The MTA's "Summer of Hell" has been no joke, and we're as desperate as anybody for a fix.
It's easy enough to shake our fists at the MTA (Or de Blasio. Or Cuomo. Who are we blaming again?), but when it comes down to it, $800 million won't exactly be falling from the sky any time soon. In the meantime, we can probably expect a couple more wild ideas before one actually sticks.
Next up? Cuomo repurposed a shot down plan from Mayor Bloomberg in 2008: congestion pricing.
TL;DR: Congestion pricing basically means that tolls would be added to the busiest entry points in Manhattan. The fares would change throughout the day, which would effectively raise the much needed revenue for the MTA, but also encourage commuters to avoid busy areas during peak hours.
According to TimeOut NY, adding tolls to the gratis bridges over the East River and southbound streets at 60th Street would also "allow for tolls on other bridges in the city (namely Throgs Neck bridge) to be reduced."
On the surface level, sounds like a great idea, right? Not to be pessimists though, there was a reason Bloomberg's OG plan was thrown out back in 2008.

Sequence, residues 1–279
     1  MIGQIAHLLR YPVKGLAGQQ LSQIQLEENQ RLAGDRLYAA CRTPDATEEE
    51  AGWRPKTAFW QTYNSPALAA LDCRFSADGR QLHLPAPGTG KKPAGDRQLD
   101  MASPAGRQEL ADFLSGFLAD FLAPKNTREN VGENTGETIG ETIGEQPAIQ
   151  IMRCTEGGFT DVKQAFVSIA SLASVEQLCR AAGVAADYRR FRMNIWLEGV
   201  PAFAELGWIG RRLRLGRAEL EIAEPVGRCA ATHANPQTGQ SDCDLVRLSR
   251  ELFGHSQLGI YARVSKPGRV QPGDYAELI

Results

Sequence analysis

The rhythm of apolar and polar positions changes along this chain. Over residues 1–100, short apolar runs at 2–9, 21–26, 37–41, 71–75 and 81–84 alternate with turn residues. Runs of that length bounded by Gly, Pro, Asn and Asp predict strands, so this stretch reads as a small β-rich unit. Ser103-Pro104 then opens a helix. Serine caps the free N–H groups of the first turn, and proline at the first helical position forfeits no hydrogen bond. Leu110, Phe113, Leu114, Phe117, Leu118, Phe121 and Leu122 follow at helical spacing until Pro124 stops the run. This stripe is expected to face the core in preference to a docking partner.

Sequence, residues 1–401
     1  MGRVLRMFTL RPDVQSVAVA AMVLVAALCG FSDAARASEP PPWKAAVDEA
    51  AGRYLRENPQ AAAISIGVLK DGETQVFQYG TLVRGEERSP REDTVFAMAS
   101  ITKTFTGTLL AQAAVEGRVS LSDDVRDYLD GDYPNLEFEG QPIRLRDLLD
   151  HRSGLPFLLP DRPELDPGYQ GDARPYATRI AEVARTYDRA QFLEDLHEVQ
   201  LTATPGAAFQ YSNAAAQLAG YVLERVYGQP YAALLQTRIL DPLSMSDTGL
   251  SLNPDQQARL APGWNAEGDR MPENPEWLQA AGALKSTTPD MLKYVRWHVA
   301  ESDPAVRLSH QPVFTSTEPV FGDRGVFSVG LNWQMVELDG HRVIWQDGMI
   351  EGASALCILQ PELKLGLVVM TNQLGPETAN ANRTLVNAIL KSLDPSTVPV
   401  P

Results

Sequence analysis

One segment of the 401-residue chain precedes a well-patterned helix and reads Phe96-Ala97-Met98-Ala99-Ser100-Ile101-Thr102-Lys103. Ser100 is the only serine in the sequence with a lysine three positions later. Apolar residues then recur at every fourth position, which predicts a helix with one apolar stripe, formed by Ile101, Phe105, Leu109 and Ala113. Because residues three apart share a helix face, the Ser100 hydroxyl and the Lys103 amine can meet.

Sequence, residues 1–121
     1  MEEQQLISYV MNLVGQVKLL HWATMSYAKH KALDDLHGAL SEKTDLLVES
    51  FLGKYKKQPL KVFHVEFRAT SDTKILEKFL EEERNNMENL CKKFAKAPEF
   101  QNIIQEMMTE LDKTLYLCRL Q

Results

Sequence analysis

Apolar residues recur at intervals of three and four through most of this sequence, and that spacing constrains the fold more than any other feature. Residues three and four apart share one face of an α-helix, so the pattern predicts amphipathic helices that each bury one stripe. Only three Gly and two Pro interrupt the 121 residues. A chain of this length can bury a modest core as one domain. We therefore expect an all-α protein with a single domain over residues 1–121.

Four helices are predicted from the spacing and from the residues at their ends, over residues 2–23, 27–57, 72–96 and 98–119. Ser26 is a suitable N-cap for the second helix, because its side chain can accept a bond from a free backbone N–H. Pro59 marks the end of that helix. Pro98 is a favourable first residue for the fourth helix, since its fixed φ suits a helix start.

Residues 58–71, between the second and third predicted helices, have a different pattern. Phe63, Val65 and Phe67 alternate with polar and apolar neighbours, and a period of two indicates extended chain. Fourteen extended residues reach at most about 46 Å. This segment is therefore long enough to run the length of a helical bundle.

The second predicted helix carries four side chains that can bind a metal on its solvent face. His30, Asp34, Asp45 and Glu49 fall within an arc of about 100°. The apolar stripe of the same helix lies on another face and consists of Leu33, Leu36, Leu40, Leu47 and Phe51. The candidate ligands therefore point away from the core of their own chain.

With the MTA in a significantly more desperate state of affairs, maybe we can all agree that some concessions need to be made in order to enact change, but there's one group that's pretty much excluded from any effects these tolls would have: rich people.
If you think about it, this plan is basically the opposite idea to force rich New Yorkers to fund the MTA's repairs, because Rich McRichface who lives on Park Avenue, and takes a town car to FiDi every day would not have to pay a cent of these tolls.
He would also benefit from the decreased traffic due to less drivers. And technically, while some have the option to avoid peak hour areas, many drivers don't... and if that forces them out of their cars and into the subway, then wait, that's adding even more commuters to the subway? Wait, who is this helping?
The tolls would, for the most part, actually be affecting blue collar workers commuting into the city, and people in working class neighborhoods who need access to Manhattan amenities (like our friend "dev" over in the NYT comments, who drives his elderly father into Manhattan for cancer treatments).
We're definitely not operating under the idea we know the answers to the MTA's huge problems (especially since like, neither the mayor or governor know either) but, #sorrynotsorry, we're not exactly on board here.
Can't we go back to the idea of Robin Hood-ing the rich to fix our commutes? What was wrong with that one?[Feature Image Courtesy Shuttershock] [via TimeOut NY]